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Meaning of Communion Bread

(116)

Sermon shared by Dennis Lawrence

March 2003
Summary: Simple bread has incredible meaning when it’s used to celebrate the Lord’s Supper.
Series: Easter
Audience: Believer adults
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In some circles, it happens thousands of times each single day. Jesus death- the central event of God’s plan for salvation- is put before Christian people, and non-Christians, too, each and every time God’s people take of bread in communion. We get to act it out. We get to remember, by doing, not just by thinking it through- this is not an academic exercise. This is so much of the way God wants it- to be actually enacted and done over and over and over again so the message goes deeper and deeper and deeper into each of God’s children.

Jesus said that the bread represented his body that was broken for you. What’s his body and what does it mean that it was broken for each of us?

1. First of all, his body is his body- his physical body. He lived in a physical body- that started as a newborn body and ended up a healthy 33-year-old body- in the prime of life for most men. But he laid that perfect physical body down in sacrifice. We’re told that he was scourged, in the context of preparation for crucifixion. (Read from Dictionary of the Bible). Then he was crucified. This was not pretty. And what came of this, for us?

1 Pet. 2.24- read in context from v. 19. In his body, he showed us how to suffer. Contrary to what the health and wealth gospel types want us to believe, the NT message is more one of suffering that will come to us. Life has its tough times and Jesus showed us, in his body, that we can suffer and make is through to the kingdom. To hear Christians grumble, sometimes, you’d think that life was supposed to be all rosy and wonderful- peaches and cream, as we might say. But that’s not life. That’s not life. We can make a case for the fact that God always intended for life to be more wonderful, and that is true. Before Eden, that was true, and after Eden, man entered into sweat and labour and all. We can believe that once we are converted, then, we enter into that more idyllic life that God intended. However, that is not reality. We are still ‘in the world’, even if we’re ‘not of it’. Reality is that there is a lot of suffering. A family member becomes suddenly gravely ill and that throws families into fear and anxiety- even sickness, sometimes. Accidents happen, and God allows them. Oppression happens, and God allows it. Christians are martyred, and God allows that. This life is not the one we’re supposed to get enchanted with. It’s glorious, once we put Christ in the centre, and one of the ways we do that is through remembering this lesson about his body. In fact, a strong case can be made for remembering this more often. At our ministerial conference, in May, for instance, communion will be available each day. Such remembering can be incredibly helpful- never routine (this is where danger in having young children participate might come in, where they do not participate with much measure of understanding- although we leave that up to parents, perhaps some caution might be in order sometimes- it’s not a snack.)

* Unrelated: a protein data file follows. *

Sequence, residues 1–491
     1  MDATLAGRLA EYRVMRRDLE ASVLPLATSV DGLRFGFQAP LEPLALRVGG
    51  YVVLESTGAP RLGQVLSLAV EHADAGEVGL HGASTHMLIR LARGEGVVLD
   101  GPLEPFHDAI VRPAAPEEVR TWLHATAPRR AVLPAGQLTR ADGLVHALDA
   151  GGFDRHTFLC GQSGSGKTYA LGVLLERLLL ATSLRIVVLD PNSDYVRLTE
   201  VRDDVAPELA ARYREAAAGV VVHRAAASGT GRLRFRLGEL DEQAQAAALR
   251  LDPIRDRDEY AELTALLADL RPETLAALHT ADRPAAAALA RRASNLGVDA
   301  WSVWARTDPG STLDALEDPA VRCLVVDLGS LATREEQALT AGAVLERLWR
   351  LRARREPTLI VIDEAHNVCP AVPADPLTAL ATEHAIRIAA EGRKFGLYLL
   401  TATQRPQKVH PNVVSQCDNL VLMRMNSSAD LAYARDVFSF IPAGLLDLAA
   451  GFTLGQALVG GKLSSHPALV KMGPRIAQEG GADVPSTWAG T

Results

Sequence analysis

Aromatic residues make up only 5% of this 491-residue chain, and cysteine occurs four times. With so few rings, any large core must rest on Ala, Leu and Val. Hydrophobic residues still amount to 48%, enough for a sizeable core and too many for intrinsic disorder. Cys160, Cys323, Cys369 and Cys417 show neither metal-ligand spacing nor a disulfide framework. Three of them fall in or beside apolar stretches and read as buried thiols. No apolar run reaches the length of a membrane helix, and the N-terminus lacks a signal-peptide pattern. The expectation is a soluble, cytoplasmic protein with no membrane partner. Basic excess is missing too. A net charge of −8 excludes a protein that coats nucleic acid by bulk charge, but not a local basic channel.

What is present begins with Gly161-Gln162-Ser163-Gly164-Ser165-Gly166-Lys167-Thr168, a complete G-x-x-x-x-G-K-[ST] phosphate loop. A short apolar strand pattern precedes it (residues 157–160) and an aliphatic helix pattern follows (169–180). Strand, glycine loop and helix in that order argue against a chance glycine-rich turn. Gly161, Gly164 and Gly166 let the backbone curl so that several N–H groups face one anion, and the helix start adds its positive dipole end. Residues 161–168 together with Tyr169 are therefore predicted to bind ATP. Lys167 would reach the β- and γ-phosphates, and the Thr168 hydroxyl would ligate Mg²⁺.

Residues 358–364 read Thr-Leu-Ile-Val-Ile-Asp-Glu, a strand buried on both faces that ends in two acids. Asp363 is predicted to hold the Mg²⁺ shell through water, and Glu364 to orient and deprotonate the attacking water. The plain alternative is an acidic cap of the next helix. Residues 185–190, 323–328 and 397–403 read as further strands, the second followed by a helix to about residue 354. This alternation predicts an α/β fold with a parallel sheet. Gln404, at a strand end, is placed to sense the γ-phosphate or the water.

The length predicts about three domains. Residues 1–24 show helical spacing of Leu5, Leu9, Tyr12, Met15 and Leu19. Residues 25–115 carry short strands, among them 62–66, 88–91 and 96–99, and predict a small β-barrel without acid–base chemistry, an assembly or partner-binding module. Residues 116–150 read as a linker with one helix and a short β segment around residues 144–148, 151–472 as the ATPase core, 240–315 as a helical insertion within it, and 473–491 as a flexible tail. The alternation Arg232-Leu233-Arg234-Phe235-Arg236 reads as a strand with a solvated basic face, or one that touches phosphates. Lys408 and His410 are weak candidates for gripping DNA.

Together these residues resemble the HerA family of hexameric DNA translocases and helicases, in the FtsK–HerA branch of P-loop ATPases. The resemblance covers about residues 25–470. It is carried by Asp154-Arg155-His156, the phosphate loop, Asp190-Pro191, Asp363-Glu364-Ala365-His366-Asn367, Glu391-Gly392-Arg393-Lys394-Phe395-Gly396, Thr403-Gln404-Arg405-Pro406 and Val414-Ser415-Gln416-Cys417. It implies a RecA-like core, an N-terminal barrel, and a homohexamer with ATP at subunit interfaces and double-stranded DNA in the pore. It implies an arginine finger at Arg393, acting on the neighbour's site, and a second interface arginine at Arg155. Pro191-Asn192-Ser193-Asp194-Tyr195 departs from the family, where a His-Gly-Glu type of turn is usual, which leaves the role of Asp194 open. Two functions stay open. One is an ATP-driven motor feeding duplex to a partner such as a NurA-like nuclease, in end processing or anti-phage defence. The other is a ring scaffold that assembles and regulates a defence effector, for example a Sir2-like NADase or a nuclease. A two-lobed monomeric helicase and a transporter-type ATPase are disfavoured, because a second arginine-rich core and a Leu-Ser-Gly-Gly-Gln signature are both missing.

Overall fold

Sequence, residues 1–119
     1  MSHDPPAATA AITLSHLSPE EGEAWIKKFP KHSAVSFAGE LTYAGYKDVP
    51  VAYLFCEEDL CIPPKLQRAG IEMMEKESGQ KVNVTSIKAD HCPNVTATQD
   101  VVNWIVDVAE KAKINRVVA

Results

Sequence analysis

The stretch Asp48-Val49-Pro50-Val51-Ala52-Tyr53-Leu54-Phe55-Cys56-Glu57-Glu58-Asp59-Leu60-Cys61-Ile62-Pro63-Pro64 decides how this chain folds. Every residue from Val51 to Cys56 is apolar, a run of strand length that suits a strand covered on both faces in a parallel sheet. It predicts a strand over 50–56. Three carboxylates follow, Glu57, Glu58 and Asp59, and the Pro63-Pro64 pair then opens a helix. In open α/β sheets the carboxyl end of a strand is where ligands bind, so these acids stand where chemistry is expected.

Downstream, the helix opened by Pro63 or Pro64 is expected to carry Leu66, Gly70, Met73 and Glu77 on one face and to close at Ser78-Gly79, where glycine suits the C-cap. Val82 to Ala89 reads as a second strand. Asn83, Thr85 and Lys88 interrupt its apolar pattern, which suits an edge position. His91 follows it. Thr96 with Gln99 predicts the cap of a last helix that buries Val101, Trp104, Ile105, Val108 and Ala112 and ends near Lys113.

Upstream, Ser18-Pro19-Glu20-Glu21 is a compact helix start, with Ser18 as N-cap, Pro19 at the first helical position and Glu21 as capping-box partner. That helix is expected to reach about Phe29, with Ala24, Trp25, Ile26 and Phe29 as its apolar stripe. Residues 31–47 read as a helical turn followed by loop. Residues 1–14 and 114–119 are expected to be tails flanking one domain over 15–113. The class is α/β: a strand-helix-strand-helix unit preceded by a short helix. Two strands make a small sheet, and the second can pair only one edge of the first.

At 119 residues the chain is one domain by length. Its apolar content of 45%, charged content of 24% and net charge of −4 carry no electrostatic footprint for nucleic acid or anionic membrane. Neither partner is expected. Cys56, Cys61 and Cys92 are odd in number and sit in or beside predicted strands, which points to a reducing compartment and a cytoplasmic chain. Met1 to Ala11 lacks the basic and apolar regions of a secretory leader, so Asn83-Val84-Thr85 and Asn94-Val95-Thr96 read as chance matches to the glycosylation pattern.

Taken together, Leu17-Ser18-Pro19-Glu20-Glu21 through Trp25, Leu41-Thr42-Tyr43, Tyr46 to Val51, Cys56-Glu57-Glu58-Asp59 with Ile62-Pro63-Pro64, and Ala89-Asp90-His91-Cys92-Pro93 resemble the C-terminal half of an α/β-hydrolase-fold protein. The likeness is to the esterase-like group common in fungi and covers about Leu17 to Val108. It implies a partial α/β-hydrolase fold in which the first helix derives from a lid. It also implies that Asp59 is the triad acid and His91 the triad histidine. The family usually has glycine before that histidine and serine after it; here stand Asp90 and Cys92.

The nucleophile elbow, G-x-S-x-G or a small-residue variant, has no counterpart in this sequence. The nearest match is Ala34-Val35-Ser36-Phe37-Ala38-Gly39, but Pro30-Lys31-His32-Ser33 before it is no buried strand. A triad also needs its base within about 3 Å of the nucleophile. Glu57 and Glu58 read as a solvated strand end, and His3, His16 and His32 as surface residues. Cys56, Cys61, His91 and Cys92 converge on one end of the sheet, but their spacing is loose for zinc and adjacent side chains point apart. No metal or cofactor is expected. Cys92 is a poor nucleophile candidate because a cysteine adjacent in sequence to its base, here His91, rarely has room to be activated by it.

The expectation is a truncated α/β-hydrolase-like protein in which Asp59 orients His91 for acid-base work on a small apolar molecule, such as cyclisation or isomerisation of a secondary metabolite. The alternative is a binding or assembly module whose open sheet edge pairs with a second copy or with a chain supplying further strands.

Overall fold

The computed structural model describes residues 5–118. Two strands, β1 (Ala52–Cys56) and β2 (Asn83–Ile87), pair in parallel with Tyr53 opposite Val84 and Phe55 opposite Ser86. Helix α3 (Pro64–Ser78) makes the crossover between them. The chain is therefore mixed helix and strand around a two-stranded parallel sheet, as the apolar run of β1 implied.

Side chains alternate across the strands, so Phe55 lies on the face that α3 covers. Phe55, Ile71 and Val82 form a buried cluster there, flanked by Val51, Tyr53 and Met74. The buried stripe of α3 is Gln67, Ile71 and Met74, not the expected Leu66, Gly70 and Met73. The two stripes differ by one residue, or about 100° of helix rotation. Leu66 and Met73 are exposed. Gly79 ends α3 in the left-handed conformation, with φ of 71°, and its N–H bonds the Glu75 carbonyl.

It’s mentioned that we have healing through what Jesus suffered, somehow, too. This touches on something that’s a great benefit for us, which isn’t used enough, I fear.

James 5.13- 15- when you’re sick, you are to summon those who hold office in the local church. We’re not to ‘go it alone’ and are not to minimize the impact of this. This is a faith-building activity. Jesus did something in his body and we have
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